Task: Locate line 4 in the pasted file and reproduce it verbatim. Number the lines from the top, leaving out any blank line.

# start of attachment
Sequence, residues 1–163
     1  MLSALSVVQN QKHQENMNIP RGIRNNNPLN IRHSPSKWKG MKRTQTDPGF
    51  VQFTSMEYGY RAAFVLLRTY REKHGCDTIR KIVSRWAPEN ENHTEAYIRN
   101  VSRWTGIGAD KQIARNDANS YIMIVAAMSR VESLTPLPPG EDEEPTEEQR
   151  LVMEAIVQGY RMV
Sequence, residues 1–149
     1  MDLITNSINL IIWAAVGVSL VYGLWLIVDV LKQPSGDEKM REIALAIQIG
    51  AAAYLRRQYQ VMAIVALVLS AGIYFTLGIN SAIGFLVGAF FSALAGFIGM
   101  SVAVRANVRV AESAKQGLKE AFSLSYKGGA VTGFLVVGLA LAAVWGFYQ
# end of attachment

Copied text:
   101  VSRWTGIGAD KQIARNDANS YIMIVAAMSR VESLTPLPPG EDEEPTEEQR